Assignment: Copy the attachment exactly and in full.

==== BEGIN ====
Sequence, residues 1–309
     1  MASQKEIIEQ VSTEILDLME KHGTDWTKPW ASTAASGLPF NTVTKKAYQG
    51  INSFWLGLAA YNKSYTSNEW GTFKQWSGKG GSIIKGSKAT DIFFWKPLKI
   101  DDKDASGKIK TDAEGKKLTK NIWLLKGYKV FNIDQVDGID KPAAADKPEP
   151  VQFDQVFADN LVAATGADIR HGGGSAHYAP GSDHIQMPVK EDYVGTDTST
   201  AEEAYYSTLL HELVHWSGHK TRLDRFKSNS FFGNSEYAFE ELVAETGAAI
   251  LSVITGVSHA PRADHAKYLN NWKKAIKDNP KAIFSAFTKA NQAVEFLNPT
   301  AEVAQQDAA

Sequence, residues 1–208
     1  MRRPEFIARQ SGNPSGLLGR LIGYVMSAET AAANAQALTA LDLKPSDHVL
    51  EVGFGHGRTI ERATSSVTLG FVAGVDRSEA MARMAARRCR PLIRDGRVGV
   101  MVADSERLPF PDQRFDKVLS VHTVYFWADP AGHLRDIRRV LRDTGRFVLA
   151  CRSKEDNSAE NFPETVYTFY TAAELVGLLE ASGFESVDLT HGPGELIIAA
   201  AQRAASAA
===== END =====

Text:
Sequence, residues 1–309
     1  MASQKEIIEQ VSTEILDLME KHGTDWTKPW ASTAASGLPF NTVTKKAYQG
    51  INSFWLGLAA YNKSYTSNEW GTFKQWSGKG GSIIKGSKAT DIFFWKPLKI
   101  DDKDASGKIK TDAEGKKLTK NIWLLKGYKV FNIDQVDGID KPAAADKPEP
   151  VQFDQVFADN LVAATGADIR HGGGSAHYAP GSDHIQMPVK EDYVGTDTST
   201  AEEAYYSTLL HELVHWSGHK TRLDRFKSNS FFGNSEYAFE ELVAETGAAI
   251  LSVITGVSHA PRADHAKYLN NWKKAIKDNP KAIFSAFTKA NQAVEFLNPT
   301  AEVAQQDAA

Sequence, residues 1–208
     1  MRRPEFIARQ SGNPSGLLGR LIGYVMSAET AAANAQALTA LDLKPSDHVL
    51  EVGFGHGRTI ERATSSVTLG FVAGVDRSEA MARMAARRCR PLIRDGRVGV
   101  MVADSERLPF PDQRFDKVLS VHTVYFWADP AGHLRDIRRV LRDTGRFVLA
   151  CRSKEDNSAE NFPETVYTFY TAAELVGLLE ASGFESVDLT HGPGELIIAA
   201  AQRAASAA